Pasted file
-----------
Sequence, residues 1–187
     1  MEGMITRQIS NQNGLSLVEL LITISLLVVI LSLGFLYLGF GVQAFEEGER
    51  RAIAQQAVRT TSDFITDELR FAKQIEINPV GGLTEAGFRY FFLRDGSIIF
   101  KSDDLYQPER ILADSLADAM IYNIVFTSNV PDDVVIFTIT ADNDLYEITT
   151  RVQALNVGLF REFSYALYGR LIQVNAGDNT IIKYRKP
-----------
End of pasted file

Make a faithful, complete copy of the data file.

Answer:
Sequence, residues 1–187
     1  MEGMITRQIS NQNGLSLVEL LITISLLVVI LSLGFLYLGF GVQAFEEGER
    51  RAIAQQAVRT TSDFITDELR FAKQIEINPV GGLTEAGFRY FFLRDGSIIF
   101  KSDDLYQPER ILADSLADAM IYNIVFTSNV PDDVVIFTIT ADNDLYEITT
   151  RVQALNVGLF REFSYALYGR LIQVNAGDNT IIKYRKP